Published: Sun, February 11, 2018
World | By Melba Underwood

Border Patrol Agent's Death Remains a Mystery His Fiance Wants to Solve

Border Patrol Agent's Death Remains a Mystery His Fiance Wants to Solve

An extensive FBI investigation into the death of a border patrol agent that President Donald Trump described as a murder has found no evidence that the man was attacked.

Border Patrol Agent Rogelio Martinez, 36, was found with grave head trauma at the bottom of a roadside culvert along a desolate span of Interstate 10 on November 18.

An autopsy concluded Border Patrol Agent Rogelio Martinez died of "blunt force trauma" to his head caused by an "undetermined manner of death".

Neither Abbott nor Cruz responded to a request for comment on the FBI's report or whether they still considered Martinez's death the result of an attack. But Garland is still recovering and has trouble remembering what happened, according to Lee Smith, a spokesman for the local Border Patrol union who met with Garland after the incident and said he declined interviews with the news media.

Martinez was found at the bottom of a culvert and died of his injuries the next day. No suspects have been linked to the incident. Martinez's unnamed partner was also found with serious injuries but survived and remains hospitalized.

The FBI also reviewed a telephone conversation between a Border Patrol dispatcher and Garland, who was disoriented and unsure of his location.

According to the U.S. Customs and Border Protection's website, 38 agents have died in the line of duty since December 2003.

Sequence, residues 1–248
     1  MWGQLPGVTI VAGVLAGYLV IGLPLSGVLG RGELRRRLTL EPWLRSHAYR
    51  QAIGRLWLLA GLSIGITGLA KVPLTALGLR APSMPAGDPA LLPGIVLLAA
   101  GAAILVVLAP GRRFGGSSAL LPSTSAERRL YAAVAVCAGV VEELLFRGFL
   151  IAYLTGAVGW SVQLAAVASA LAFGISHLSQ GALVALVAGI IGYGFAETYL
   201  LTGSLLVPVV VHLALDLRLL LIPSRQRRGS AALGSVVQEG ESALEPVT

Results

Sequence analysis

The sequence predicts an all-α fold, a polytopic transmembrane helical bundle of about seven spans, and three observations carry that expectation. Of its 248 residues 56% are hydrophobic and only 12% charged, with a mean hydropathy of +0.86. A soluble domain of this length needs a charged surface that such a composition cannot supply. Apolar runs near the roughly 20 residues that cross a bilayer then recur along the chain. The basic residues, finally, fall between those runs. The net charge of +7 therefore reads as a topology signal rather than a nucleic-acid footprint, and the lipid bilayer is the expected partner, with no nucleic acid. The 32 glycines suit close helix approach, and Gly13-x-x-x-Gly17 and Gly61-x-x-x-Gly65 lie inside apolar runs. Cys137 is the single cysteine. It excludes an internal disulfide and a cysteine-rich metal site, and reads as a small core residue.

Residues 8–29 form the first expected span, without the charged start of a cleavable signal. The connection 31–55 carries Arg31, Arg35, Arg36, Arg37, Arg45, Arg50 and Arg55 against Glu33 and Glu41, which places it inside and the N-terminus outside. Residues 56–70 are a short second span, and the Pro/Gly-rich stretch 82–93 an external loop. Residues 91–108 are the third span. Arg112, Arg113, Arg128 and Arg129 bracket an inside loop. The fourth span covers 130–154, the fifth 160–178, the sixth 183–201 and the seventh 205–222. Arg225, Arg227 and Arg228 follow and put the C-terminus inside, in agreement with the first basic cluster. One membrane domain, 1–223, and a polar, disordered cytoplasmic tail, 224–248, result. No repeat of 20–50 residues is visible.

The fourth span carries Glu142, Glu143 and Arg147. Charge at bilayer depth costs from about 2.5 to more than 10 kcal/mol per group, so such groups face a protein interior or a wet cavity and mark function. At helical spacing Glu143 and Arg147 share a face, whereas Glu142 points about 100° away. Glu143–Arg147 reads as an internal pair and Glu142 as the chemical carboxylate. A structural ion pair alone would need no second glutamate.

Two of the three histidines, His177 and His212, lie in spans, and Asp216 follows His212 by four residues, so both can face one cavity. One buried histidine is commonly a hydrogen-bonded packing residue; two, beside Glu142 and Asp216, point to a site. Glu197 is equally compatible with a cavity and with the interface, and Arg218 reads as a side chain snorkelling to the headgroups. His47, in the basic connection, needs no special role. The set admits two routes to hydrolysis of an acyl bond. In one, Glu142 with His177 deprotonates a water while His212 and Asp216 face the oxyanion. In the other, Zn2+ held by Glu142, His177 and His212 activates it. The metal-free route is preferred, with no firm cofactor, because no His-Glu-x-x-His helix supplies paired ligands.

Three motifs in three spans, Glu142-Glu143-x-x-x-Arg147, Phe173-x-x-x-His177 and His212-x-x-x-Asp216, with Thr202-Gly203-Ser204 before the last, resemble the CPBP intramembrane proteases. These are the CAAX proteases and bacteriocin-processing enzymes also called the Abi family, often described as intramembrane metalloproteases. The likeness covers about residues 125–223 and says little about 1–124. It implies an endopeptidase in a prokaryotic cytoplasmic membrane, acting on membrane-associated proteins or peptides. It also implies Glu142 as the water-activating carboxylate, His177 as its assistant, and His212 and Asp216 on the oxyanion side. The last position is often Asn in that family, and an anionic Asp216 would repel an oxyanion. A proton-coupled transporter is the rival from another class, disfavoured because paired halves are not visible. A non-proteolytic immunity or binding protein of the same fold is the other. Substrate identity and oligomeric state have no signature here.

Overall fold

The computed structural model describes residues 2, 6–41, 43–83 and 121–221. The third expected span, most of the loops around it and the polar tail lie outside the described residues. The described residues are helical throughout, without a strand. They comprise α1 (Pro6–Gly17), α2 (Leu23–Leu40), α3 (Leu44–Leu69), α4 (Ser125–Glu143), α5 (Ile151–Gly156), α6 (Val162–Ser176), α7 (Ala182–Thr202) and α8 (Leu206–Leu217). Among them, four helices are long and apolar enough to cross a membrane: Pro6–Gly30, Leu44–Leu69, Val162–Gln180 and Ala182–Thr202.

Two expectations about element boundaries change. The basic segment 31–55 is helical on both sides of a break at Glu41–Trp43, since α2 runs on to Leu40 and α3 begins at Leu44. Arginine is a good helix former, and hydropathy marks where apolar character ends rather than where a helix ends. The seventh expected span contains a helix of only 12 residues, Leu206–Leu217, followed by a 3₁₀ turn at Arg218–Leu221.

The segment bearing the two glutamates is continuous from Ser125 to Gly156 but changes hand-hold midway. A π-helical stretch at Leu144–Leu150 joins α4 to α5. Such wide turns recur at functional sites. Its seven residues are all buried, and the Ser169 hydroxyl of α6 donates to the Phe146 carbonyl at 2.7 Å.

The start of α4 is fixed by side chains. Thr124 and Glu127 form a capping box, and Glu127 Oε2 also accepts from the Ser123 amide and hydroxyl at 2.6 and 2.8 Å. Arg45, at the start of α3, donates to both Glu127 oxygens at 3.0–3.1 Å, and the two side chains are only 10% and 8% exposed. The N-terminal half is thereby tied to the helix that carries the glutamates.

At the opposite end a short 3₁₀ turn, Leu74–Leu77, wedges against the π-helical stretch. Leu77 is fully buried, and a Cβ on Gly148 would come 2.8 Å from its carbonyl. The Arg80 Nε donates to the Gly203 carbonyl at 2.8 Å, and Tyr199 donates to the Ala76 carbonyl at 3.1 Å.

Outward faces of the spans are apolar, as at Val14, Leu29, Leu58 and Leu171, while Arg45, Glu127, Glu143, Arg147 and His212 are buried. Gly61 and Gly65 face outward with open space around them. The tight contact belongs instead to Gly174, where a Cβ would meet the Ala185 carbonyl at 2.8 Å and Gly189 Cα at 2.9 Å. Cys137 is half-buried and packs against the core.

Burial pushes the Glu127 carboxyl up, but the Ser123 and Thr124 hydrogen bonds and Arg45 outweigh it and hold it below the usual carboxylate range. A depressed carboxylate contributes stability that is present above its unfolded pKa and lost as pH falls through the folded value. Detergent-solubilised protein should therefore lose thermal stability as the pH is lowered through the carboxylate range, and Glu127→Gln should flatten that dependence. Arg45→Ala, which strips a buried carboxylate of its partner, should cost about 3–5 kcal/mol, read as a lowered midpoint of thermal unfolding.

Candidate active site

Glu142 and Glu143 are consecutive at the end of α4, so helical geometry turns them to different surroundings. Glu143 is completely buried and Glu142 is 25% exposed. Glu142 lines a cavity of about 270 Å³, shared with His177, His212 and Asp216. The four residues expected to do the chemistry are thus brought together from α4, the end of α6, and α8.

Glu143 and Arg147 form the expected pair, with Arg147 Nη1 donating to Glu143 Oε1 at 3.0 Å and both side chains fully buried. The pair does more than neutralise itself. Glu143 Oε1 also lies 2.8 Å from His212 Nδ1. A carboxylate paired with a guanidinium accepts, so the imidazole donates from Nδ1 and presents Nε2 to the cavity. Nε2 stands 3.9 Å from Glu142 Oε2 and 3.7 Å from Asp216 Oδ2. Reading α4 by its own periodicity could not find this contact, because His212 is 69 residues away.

About 11:20 p.m. Martinez and another agent, Stephen "Michael" Garland, were found injured near a concrete-lined culvert - a tunnel used for water drainage.

Martinez's injuries included fractures to his skull, right jaw, upper ribs and his right collarbone, according to an autopsy report released by the El Paso County Medical Examiner's Office.

Officials with the Border Patrol union said the agents were ambushed by migrants.

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Agent Stephen Garland, 38, has since returned home and was assisting investigators, according to Federal Bureau of Investigation spokeswoman Jeanette Harper.

Sheriff Oscar Carrillo of Culberson County, where the two officers were injured, was on scene that night.

An informant familiar with human smugglers told Border Patrol officials that a pair of brothers recently smuggled across the border had admitted to assaulting the agents, according to a warrant later filed to search the brothers' vehicle in New Mexico.

After more than 650 interviews conducted by dozens of Federal Bureau of Investigation field offices, investigators say that none of the evidence collected and analyzed so far, "supports the existence of a scuffle, altercation, or attack".

"This investigation has been the top priority of the El Paso FBI Field Office, and the FBI has aggressively pursued all logical leads and investigative avenues", the FBI said in a statement released Tuesday afternoon.

The FBI has not publicly stated that the agents fell, but McAleenan's memo is consistent with working theories of what happened, according to investigators. "Our view hasn't changed".

Neither she nor the Martinez family had heard from Garland since the agent's death, she said. "It seems to me that they don't have any leads".

"It says that there is no evidence pointing it to being a struggle", Mr. Cabrera said in an interview.

The FBI continues to offer a reward of up to $50,000 for information on the case and provides this number: 915-832-5000 to call with information.

He pointed to the lack of injuries on the lower part of Martinez's body.

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